YORK – Dr. Janice Ophoven, a pediatric forensic pathologist from Woodbury, Minn., testified for the defense Thursday in the ongoing trial regarding the death of four-month-old Kayley Kozisek.
Although she was never a hands-on doctor in the care of the baby nor was she present for the autopsy, Dr. Ophoven testified that “there is no evidence leading me to the conclusion of abuse with certainty.”
Kayley’s father, Ryan Kozisek of Gresham, is accused of abusing his daughter and inflicting injuries that ultimately led to her death in January, 2011.
Doctors from Children’s Hospital in Omaha, who treated Kayley, have said the baby died from “shaking and/or slamming.” They’ve also termed her death as a result of “non-accidental trauma.”
But Dr. Ophoven says she completely disagrees. She suggested that an older skull fracture “which could have easily been from an accident” could have been silently creating intracranial pressure that was exacerbated by Kayley’s 2-year-old sister falling on her – thereby creating an immediate heighted pressure resulting in cardiac arrest.
“When pressure became suddenly so high, the brain shuts down and life ends quickly. Typically, it evolves over a period of time, but if there’s pre-existing trauma, it’s much faster.”
Dr. Suzanne Haney, a pediatric abuse specialist at Children’s Hospital, has testified that a 34-pound 2-year-old falling on the baby “could never cause the extent of Kayley’s injuries.”
Dr. Ophoven adamantly disagreed.
“That could have been more than enough,” she said.
“Could the 2-year-old falling on her create escalated intracranial pressure?” asked Mark Rappl, Ryan Kozisek’s attorney.
“Absolutely!” Dr. Ophoven said. “It’s common sense. It’s a completely scientific explanation of the findings in this case.”
Dr. Ophoven also classified the theory of “shaken baby syndrome” as “controversial” and an “ongoing debate in the medical field.”
“I do not have evidence this child was a victim of abuse,” Dr. Ophoven said. “There is no physical trauma to indicate why she went south. There is evidence of a pre-existing condition.”
William Tangeman, who is lead prosecutor in the case from the Nebraska Attorney General’s office, pointed out that Ophoven is a paid witness for the defense, who works out of her home and solely does contract work for defense attorneys in these types of cases.
“Isn’t it true that you have to disagree with the doctors who actually attended to the patient or you won’t be hired?” asked Tangeman.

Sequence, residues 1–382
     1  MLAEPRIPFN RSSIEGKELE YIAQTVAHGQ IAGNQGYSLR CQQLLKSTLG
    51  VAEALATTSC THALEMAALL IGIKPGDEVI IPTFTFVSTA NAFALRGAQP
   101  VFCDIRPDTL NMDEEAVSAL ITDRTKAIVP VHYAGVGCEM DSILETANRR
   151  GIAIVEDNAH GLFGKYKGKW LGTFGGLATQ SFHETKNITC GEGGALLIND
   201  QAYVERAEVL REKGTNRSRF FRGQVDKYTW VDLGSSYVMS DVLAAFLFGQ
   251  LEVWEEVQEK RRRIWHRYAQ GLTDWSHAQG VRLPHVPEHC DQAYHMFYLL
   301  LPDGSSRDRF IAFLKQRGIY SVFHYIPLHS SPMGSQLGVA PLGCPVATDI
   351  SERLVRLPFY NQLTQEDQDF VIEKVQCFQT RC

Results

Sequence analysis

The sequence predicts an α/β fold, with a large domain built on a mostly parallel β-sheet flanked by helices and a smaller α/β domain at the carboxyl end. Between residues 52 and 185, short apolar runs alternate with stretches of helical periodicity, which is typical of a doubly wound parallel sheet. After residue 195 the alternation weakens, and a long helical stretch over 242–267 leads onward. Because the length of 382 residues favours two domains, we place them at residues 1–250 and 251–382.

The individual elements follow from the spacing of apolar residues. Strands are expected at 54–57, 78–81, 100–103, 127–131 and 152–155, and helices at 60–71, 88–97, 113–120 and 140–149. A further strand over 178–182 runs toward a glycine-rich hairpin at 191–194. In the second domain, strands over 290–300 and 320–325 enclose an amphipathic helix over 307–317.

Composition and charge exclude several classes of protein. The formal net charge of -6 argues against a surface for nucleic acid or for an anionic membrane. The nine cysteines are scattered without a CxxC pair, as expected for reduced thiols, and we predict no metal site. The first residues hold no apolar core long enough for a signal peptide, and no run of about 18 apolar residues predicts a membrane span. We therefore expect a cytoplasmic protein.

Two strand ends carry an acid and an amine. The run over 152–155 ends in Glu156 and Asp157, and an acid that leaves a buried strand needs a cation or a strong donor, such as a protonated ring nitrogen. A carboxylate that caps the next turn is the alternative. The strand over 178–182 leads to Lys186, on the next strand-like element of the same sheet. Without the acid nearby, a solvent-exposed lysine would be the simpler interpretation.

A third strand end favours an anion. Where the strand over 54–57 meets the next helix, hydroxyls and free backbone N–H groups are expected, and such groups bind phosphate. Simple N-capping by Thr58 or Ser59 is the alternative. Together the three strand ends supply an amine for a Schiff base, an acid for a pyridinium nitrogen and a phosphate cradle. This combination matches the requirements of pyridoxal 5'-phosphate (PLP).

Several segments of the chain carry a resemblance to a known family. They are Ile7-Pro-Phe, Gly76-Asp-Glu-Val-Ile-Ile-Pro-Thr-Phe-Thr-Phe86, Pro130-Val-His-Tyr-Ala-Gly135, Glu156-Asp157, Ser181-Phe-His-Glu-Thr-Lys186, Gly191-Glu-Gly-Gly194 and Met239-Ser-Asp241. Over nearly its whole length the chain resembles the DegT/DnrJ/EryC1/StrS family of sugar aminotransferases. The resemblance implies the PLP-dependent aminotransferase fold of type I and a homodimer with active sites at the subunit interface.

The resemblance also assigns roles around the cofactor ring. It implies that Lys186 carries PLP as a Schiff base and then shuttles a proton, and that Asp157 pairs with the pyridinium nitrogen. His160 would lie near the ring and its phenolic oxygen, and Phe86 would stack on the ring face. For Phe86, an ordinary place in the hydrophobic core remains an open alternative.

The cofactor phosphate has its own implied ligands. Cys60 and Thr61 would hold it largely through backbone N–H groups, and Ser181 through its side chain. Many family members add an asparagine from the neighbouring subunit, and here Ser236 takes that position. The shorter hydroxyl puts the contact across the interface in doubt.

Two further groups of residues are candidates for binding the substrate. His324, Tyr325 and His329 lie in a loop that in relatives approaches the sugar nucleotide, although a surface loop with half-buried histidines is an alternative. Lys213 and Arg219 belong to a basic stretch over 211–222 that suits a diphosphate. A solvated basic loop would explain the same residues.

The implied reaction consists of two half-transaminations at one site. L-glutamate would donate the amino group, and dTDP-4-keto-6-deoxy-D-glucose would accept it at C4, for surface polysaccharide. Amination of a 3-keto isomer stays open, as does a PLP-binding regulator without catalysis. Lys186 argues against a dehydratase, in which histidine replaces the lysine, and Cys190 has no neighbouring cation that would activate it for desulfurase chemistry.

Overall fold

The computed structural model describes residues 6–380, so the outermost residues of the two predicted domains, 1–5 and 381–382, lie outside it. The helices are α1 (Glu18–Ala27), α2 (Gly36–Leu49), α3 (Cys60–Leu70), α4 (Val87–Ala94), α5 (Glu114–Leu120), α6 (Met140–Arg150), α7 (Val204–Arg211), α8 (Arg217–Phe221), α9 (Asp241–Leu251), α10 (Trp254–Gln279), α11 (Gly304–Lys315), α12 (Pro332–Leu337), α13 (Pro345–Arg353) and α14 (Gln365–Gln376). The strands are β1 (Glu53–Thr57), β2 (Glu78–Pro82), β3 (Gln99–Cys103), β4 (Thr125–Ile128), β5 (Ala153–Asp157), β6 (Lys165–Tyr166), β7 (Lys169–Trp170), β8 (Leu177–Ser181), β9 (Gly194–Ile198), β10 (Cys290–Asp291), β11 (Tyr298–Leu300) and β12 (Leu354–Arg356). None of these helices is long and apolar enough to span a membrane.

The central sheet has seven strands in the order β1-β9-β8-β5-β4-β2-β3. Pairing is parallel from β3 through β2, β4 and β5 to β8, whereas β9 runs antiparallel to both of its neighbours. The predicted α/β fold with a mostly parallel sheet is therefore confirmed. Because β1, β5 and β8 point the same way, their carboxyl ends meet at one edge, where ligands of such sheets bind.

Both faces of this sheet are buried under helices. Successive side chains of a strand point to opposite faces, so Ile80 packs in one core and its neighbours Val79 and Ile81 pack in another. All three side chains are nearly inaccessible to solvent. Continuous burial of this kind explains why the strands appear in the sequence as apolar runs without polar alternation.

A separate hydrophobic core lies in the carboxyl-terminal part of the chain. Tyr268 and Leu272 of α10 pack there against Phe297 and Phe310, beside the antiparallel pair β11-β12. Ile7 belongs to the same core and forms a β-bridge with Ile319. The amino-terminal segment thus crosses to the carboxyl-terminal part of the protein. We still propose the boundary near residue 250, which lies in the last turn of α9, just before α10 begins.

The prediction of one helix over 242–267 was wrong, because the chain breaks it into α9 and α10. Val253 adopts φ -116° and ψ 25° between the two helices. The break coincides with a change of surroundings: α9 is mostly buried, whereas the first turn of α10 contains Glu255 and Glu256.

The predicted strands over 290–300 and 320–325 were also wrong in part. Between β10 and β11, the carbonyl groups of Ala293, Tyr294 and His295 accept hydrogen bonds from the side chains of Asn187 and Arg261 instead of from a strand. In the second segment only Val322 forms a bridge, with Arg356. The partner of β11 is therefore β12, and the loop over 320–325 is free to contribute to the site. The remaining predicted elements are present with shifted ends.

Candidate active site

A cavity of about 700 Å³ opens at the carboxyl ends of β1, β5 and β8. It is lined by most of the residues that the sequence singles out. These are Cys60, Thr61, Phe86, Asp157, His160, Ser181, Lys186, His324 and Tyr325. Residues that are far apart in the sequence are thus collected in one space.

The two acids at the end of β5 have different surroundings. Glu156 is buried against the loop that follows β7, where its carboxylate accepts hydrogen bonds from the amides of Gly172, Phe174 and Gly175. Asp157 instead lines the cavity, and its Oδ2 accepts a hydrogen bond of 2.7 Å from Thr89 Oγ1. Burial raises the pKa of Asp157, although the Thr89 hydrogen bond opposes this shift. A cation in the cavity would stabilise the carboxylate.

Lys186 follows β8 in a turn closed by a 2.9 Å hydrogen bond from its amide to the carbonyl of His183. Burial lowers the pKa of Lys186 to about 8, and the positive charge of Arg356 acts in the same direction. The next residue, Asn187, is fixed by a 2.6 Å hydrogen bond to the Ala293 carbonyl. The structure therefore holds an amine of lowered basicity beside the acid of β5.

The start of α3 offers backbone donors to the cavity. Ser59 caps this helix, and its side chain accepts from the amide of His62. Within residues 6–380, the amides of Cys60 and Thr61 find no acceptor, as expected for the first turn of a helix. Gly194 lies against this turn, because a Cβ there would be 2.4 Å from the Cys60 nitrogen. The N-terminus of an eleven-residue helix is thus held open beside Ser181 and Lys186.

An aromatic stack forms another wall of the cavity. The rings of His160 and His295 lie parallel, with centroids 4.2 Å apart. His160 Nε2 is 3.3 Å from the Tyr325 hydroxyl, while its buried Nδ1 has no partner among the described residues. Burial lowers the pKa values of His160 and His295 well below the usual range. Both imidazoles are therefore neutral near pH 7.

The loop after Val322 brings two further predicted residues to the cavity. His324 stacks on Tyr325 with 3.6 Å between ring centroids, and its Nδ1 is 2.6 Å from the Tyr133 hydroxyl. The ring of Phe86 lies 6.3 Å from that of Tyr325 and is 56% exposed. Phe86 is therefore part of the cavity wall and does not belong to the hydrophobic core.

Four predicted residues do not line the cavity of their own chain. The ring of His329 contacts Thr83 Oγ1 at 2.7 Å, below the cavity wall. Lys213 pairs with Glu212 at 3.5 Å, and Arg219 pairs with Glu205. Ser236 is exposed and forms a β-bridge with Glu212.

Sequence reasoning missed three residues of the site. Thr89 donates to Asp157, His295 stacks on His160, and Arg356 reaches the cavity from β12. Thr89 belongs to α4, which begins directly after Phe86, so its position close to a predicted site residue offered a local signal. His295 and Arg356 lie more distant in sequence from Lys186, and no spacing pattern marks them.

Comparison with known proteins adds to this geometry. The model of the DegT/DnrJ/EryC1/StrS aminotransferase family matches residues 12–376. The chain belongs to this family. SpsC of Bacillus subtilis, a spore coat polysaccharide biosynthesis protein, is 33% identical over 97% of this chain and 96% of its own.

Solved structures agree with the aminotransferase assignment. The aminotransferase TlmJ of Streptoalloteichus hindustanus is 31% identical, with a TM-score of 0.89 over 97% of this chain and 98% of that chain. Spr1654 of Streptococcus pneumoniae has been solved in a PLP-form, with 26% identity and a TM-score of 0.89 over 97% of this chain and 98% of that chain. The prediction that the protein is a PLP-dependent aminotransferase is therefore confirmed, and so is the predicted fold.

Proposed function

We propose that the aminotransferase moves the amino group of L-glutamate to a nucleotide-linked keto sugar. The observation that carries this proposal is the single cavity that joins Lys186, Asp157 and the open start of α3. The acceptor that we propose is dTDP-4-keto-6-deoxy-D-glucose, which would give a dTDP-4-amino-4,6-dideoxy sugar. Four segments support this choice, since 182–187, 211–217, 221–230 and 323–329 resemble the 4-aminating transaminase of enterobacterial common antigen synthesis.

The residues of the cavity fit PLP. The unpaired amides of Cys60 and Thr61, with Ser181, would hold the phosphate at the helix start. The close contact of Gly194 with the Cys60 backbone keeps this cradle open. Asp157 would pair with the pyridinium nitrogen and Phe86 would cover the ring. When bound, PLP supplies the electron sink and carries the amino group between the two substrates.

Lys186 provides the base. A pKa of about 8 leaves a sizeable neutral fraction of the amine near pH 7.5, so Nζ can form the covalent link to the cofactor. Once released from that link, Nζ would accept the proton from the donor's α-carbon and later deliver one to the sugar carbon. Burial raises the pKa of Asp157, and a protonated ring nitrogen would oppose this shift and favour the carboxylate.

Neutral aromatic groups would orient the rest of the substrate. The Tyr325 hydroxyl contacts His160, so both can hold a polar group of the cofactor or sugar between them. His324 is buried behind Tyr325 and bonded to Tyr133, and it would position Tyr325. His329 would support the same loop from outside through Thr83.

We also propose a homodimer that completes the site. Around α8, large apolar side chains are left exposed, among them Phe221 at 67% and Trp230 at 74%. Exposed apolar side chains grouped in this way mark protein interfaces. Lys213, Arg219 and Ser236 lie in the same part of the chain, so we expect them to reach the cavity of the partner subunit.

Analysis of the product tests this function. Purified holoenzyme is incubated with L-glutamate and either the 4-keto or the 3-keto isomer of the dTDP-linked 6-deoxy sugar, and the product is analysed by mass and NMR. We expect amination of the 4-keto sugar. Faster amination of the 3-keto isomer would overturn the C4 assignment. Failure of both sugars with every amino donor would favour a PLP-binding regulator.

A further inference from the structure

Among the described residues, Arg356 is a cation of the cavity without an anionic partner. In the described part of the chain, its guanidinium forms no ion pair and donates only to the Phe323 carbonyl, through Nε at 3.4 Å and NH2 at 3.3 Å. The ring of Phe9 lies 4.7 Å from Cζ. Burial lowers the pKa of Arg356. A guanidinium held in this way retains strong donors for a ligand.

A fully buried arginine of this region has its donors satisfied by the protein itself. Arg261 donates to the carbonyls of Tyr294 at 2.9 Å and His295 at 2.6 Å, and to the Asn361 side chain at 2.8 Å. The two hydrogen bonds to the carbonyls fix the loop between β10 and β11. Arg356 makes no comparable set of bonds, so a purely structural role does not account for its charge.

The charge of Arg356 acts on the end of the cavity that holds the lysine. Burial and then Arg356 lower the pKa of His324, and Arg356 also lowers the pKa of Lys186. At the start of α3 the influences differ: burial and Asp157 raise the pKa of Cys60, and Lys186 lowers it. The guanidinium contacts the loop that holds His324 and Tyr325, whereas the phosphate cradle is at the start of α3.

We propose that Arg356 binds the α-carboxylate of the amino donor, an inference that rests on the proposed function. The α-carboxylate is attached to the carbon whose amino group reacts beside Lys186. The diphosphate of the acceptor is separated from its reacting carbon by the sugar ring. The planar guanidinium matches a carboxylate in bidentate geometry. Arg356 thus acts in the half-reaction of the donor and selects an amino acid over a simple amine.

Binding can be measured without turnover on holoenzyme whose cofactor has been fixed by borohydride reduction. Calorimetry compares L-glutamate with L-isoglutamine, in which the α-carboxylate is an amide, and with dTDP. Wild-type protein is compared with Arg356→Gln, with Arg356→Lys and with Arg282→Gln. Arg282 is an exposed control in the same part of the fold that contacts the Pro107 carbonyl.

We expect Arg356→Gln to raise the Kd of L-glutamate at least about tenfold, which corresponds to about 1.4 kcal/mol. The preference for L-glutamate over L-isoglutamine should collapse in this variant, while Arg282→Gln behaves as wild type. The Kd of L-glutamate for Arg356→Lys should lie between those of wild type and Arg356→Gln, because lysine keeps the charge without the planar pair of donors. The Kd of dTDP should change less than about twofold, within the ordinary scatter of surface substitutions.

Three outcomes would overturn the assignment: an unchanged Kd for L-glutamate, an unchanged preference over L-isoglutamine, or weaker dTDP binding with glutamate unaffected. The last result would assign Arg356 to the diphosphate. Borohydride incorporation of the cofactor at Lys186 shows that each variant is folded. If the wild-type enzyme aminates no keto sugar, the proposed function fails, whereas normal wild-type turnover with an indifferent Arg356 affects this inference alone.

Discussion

“No!” Dr. Ophoven objected.
“Otherwise, there’s no reason for you to talk to a jury,” Tangeman said.
“I’m here to clarify the key points,” Dr. Ophoven.
“Do you take all the cases that come to you?” asked Rappl.
“No, I take those where I can be of assistance,” Dr. Ophoven said. “I only take the cases where it looks like there may have been a rush to judgment, misunderstanding or misinterpretation. Mistakes can be made and it’s important for someone to point that out.”
Through questioning, it was also established that Dr. Ophoven is paid $4,000 to review a case, another $4,000 to generate a report and then another $4,000 to testify. The doctor also said she makes $180,000 a year doing this type of work.
Years ago, when she was working as a medical examiner, she said she did hundreds of autopsies. Tangeman asked her about a request from a chief medical officer in Minnesota who told her that if she didn’t stop doing “second opinion” testimony for defense attorneys, she would no longer be asked to perform autopsies in that state. While Dr. Ophoven said Tangeman was “mischaracterizing the event” she did admit that “he asked me to stop doing defense cases in Minnesota, so I did.”
“You’ve said that you don’t copy and paste opinions from case to case,” Tangeman said. “I’ve copied a number of your reports from different cases and they all seem very similar.”
“I copy and paste graphics, some backgrounds, but not opinions,” Dr. Ophoven said.
“In your deposition, you said that vaginal birth can cause skull fractures,” Tangeman said to the doctor. “You attributed Kayley’s skull fracture to traumatic vaginal birth?”
It was pointed out that Kayley was born by C-section.
Dr. Ophoven said that when she said that in error, she also clarified it could have also happened during a C-section.
“Dr. Haney said a C-section couldn’t cause this,” Tangeman said.
“Yes, it’s unlikely, but it can happen,” Dr. Ophoven said.
“In a report you wrote in 2007, regarding a little girl from Washington State who had all sorts of head injuries but no retinal hemorrhaging, you wrote that because there was no retinal hemorrhaging there was no evidence of abuse. But when we do have retinal hemorrhaging, you say it means nothing.”
Dr. Ophoven said the logic between the two cases “was not the same.”
“Would you agree that adults who are accused of abuse often blame one of the children’s siblings for falls?” Tangeman asked.
“My opinion is that the person who committed abuse will provide an explanation that’s innocuous,” Dr. Ophoven said.
“Do you know he (the defendant) blamed his 2-year-old daughter and his mentally and physically handicapped sister?” asked Tangeman.
“I wouldn’t characterize it as blame,” Dr. Ophoven said. “That doesn’t change my opinion.”
“The bruising on this baby does not seem suspicious to you?” Tangeman asked.
“Not at all,” Dr. Ophoven responded.
“You cannot rule out abuse entirely, can you?” asked Tangeman.
“No, but the evidence can’t lead me to that conclusion without certainty,” Dr. Ophoven said. “I don’t know what happened. There is no evidence of fatal assault on that day.”